I went to the White Sox game last night with my sons and my sister. The Sox lost to the Baltimore Orioles, 9-6, but that didn’t matter to me. I was there for the fireworks.
Wouldn’t it be cool to be a fireworks designer? To choreograph the explosions with the music? The fireworks I saw last night were beautiful in form, shape, variety and timing. But the music behind them was so much less imaginative. Third-rate lyrics proclaimed freedom this, liberty that, and the determination to “fight for the right to be free.” The only song in the extravaganza that had any sense of history behind it was Neal Diamond’s "America" which celebrates the struggle of immigrants. Yet the irony of playing this just a week after the defeat of immigration reform was, I’m sure, unintended.
My expectations were not high—this was a 21st century ballpark, a place where even pitching changes have commercial sponsors. But I expect more than mindless nationalism from Fourth of July celebrations. The lyrics of one song played during the fireworks talked about “the flag that makes us free.” I wanted to yell, “No, it’s the Constitution that makes you free! Laws and process, not symbols!”
My kids were also disappointed in the music. They wanted to hear Bruce Springsteen’s "Born in the U. S. A." Fat chance. That tune’s lyrics are critical of class in America and of American imperialism. Not the right sentiments for a baseball game that began with a “Support the Troops” parade of military veterans and active duty sailors.
I did get a lump in my throat as those scrubbed and white-suited young men and women walked around the field, but I wasn’t thinking of the flag. I was thinking of the mothers of those kids, and of all the parents and families who have given up their young men (and women) to the cause of American freedom. The guys, forever young, who didn’t come back from World War II and Viet Nam. The adventuring young men who left home to join Washington’s army and died of disease and starvation at Valley Forge. The husbands and fathers who return from Iraq physically in one piece, but who will struggle with PTSD for years to come.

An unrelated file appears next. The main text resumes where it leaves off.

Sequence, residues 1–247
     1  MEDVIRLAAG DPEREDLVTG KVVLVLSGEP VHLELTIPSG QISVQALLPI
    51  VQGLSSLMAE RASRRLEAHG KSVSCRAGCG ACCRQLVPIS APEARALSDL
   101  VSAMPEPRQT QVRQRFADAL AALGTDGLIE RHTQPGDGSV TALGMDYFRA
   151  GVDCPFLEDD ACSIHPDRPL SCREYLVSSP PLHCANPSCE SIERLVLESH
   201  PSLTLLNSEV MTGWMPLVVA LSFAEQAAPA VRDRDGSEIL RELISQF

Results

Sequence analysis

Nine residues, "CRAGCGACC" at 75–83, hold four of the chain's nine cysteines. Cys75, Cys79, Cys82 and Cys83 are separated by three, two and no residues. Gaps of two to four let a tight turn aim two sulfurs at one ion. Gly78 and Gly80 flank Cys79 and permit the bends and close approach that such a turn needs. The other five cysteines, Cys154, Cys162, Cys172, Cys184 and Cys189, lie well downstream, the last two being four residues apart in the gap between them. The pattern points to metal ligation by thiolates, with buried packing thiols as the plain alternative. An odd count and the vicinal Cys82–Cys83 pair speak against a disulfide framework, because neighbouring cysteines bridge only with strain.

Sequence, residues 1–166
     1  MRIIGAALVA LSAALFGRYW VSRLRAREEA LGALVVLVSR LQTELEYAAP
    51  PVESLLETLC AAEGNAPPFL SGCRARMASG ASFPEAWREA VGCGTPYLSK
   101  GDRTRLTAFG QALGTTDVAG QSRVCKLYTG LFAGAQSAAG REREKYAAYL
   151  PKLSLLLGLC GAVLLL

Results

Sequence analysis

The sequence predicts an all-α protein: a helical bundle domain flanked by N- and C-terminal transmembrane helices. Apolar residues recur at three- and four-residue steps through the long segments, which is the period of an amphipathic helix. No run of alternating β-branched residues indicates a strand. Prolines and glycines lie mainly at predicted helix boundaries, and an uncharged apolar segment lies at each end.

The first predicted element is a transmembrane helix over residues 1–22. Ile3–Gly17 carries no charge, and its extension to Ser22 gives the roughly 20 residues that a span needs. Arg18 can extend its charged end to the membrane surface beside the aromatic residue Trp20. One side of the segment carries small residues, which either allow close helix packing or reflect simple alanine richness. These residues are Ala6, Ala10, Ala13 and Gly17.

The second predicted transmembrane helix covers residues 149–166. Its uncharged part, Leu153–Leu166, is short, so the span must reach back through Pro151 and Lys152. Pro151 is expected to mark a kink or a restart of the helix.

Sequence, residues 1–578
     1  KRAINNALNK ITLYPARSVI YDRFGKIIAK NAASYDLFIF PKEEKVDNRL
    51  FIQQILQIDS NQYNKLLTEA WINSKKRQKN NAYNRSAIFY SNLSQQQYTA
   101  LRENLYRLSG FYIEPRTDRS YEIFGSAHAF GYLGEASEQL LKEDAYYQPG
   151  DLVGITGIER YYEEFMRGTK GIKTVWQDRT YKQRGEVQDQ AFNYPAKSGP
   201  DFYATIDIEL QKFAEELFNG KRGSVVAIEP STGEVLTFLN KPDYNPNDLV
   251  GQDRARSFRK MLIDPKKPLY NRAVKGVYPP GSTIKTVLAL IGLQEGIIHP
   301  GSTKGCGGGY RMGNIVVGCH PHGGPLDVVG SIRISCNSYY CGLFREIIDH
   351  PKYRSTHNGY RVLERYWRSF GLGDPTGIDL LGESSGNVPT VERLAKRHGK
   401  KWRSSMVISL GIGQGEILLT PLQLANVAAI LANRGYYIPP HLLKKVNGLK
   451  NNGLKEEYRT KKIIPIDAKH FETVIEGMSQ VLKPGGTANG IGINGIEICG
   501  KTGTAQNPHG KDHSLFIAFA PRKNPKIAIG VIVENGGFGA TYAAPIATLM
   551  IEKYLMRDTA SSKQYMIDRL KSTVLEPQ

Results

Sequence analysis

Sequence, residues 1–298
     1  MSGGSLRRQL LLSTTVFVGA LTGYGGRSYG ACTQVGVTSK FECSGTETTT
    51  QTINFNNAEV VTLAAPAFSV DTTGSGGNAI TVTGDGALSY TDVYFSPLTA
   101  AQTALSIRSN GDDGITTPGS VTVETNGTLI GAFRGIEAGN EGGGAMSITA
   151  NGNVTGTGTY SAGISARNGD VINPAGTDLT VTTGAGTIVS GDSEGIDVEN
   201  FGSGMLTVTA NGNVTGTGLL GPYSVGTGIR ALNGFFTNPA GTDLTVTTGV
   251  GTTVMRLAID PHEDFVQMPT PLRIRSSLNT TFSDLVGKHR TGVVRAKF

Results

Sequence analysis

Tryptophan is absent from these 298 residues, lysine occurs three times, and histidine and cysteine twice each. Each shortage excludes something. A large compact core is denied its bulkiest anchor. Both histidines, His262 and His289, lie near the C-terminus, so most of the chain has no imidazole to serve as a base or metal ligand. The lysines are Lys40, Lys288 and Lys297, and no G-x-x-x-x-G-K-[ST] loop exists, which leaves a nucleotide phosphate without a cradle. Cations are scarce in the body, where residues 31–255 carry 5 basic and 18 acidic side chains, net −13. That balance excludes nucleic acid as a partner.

The top eight feet of bookshelves above my desk hold the American story--from "Pilgrims at Plymouth" to "All the President's Men." There are biographies of the founders: the evasive Thomas Jefferson; John and Abigail Adams, critical and articulate; the ambitious and iconic George Washington; Benjamin Franklin, scientist, businessman, slippery diplomat. Then there’s "America's Jubilee," which describes the United States fifty years after the Declaration of Independence, when the Marquis de Lafayette toured the country and Adams and Jefferson died within hours of each other, forever consecrating the sacred Fourth.
There's a long stretch of books on the Civil War, chronicles of the carnage. There’s a skinny one by James McPherson called "Abraham Lincoln and the Second American Revolution." What was revolutionary about Lincoln? He reached back and reinterpreted Jefferson's statement in the Declaration of Independence that "all men are created equal" and are "endowed by their Creator with certain inalienable rights" to include everyone (males, anyway), and said that each man had the right to eat the bread produced by the sweat of his own brow. Seems self-evident, doesn’t it?
Beyond Eric Foner’s “Reconstruction,” the shelf holds Stephen Ambrose's book on the transcontinental railroad ("Nothing Like It in the World"), David McCullough's "The Great Bridge" (a great read), and Dee Brown’s “Bury My Heart at Wounded Knee.” There are Roosevelt books, books on the Depression and World War II, and "The Fifties" from David Halberstam. Ahead of that is Stanley Karnow's Vietnam, which I will read someday. And there are two of the three Taylor Branch books on the civil rights movement. Later this summer I hope to finish reading the third.
I have been reading American history books since I was seven years old. The heroes of ’76 filled me with pride and curiosity. What would it have been like to be alive then? Would I have sided with the patriots, made bold by what Thomas Paine called the “Common Sense” of the issue? Or would that have seemed too radical, dangerous even? You like to think you’re on the right side of history, the side that is making the world a better place, but it’s important to remember that hindsight is much clearer than the vision of the moment. Power and idealism are uneasy bedfellows. Freedom means freedom for others, not just the people celebrating their own right to be free.
Fireworks displays are not meant to be a forum for ideas. Of course not. Light, dark, color and big booms invite visceral reactions. In our household, the creature most affected by last night’s fireworks was our dog. She was a nervous, clingy wreck.
But still—all those colors, firing off every which way. Sizzle, whistle, zoom and zowie. Big bangs, showers of sparks, soaring colors, and something new to look at every few seconds. Fireworks are powerful, dangerous, beautiful. Like this free country.